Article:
Office of Law Enforcement
Pacific Region
 

 

 

May 2009

Some Antique Shops "Dabble" in Risky Business


Picture this:  you are out for a stroll on a crisp Sunday morning with a smile on your face and a steaming cup of coffee warming your hands.  You look up and see a formation of Canada geese flying overhead and you pause for a minute to appreciate how amazing nature is.  As you continue your walk, you pass a lovely antique store and decide to pop in for a look.  One never knows the treasures that may lie inside antique stores!

Picture of a live Canadian goose in flight
Canada goose mid-flight.  Photo credit: Alan D. Wilson, cropped and noise reduction applied by Diliff/ Wikimedia Commons

 

Once inside you spot a beautiful stuffed Mallard duck which you instantly know would look perfect in your house. You look over the price tag…$150, “not bad” you say to yourself.  You approach the counter and tell the sales person you would like the buy the duck. He smiles, takes your money and is carefully packaging it up when… “BAM!” a U.S. Fish and Wildlife Special Agent is there writing you AND the store owner a citation for violating a law you have never heard of. You calmly point out that you were unaware this purchase was against the law thinking this will prove your innocence.

However, much to your disappointment, you learn that ignorance of the law is not a defense; you will have to pay the citation in much the same way as you would have to pay a speeding ticket which you received when you didn’t know what the posted speed limit was.

Most people don’t know that it is unlawful to buy or sell or even offer to buy or sell any migratory bird or migratory bird parts; this includes mounted specimens of migratory game birds.  There are a few narrow exceptions which can be found at 50 C.F.R. 20.13 (2008) and 50 C.F.R. 20.14 (2008) but most people won’t qualify unless they are in the business of raising captive bred Mallards and waterfowl.  Almost all birds that migrate are protected under the Migratory Bird Treaty Act.  A few examples of protected waterfowl are:  Mallard, Pintail, Canada goose, and Northern Shoveler.  For a full list, click here.

Please note that there may be state or local-level laws with additional requirements to the laws mentioned here.

U.S. Fish and Wildlife Special Agents have discovered that many antique and pawn shops are offering for sale migratory bird mounts and are thus not in compliance with federal regulation and law.  

 

Picture of an Antique Shop sign.
Antiques shop sign.  Photo credit:  Mark Fosh/ Wikimedia Commons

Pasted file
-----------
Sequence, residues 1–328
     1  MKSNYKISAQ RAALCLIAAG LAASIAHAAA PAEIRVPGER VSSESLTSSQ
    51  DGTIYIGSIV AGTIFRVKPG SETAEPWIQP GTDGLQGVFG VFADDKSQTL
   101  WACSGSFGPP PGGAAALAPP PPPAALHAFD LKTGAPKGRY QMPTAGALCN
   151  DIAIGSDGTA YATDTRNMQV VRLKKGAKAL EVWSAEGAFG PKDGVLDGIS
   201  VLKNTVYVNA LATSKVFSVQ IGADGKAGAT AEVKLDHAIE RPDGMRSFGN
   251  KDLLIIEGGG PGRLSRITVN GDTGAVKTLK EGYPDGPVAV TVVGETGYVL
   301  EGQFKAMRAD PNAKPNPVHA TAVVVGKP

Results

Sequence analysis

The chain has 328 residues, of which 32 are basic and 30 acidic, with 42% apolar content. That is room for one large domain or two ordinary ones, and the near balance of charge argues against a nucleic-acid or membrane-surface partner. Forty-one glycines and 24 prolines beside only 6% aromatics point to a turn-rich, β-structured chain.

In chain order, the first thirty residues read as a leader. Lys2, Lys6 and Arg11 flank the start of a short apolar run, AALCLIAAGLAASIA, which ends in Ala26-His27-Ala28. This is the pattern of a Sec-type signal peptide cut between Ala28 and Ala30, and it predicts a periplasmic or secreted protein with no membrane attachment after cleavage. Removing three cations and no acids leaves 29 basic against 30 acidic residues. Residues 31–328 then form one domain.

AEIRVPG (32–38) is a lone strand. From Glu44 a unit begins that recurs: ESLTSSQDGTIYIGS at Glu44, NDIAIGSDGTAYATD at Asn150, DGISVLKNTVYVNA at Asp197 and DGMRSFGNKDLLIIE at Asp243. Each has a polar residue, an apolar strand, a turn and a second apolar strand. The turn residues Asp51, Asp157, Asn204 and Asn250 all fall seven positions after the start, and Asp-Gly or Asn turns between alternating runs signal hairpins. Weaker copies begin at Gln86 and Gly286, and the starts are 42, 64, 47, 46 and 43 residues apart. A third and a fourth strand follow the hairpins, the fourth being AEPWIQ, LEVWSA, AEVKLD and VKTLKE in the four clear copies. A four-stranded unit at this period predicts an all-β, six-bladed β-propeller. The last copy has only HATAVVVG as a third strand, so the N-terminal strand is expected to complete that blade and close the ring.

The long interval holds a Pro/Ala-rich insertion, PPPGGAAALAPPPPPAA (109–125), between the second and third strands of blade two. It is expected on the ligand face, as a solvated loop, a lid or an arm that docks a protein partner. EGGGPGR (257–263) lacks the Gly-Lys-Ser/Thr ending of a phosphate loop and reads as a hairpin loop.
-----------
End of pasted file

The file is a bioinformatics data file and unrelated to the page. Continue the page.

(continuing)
Picture of two stuffed owls.
Photo of two stuffed Little Owls.  Photo Credit: Maylene Thyssen/ Wikimedia Commons

 

Examples of prohibited conduct include:

  • Selling a stuffed Mourning Dove
  • Having a stuffed Pintail for sale in your shop
  • Buying a stuffed Canada goose from an antique or pawn shop where you saw it for sale
  • Offering to buy a stuffed Northern Shoveler which you see in a shop but does not have a price tag on it
  • Legally hunting a Mallard and then selling it to a business or individual
  • Exchanging money for a Bald Eagle or its parts
  • Finding and keeping a stray eagle feather

Examples of lawful conduct include:

  • Having a stuffed Mallard which you legally hunted in your shop or house for decoration
  • Having a picture of an eagle for sale in your shop
  • Having a replica of a Canada goose for sale in your shop
  • Finding a dead Great Horned Owl and turning it over to the nearest fish and wildlife service office

Stopping these violations is a priority for the U.S. Fish and Wildlife Service (USFWS) because of their commercial nature. For example, when a business or individual profits from unlawfully selling federally protected migratory birds it encourages people to unlawfully take species from the wild in order to benefit financially. That goes against everything the USFWS stands for.

To contact the U.S. Fish and Wildlife Service about this piece or to report a violation you have witnessed, please go to www.fws.gov/pacific/lawenforcement/ and click on the “contact us” link at the top of the page.  Contact information for each state wildlife department as well as each USFWS office per state can be accessed here.


 

Last updated: December 3, 2013

Law Enforcement Home
National Office of Law Enforcement Home Page
Pacific Region Home

U.S. Fish and Wildlife Service Home Page | Department of the Interior  | USA.gov  | About the U.S. Fish and Wildlife Service  | Accessibility  | Privacy  | Notices  | Disclaimer  | FOIA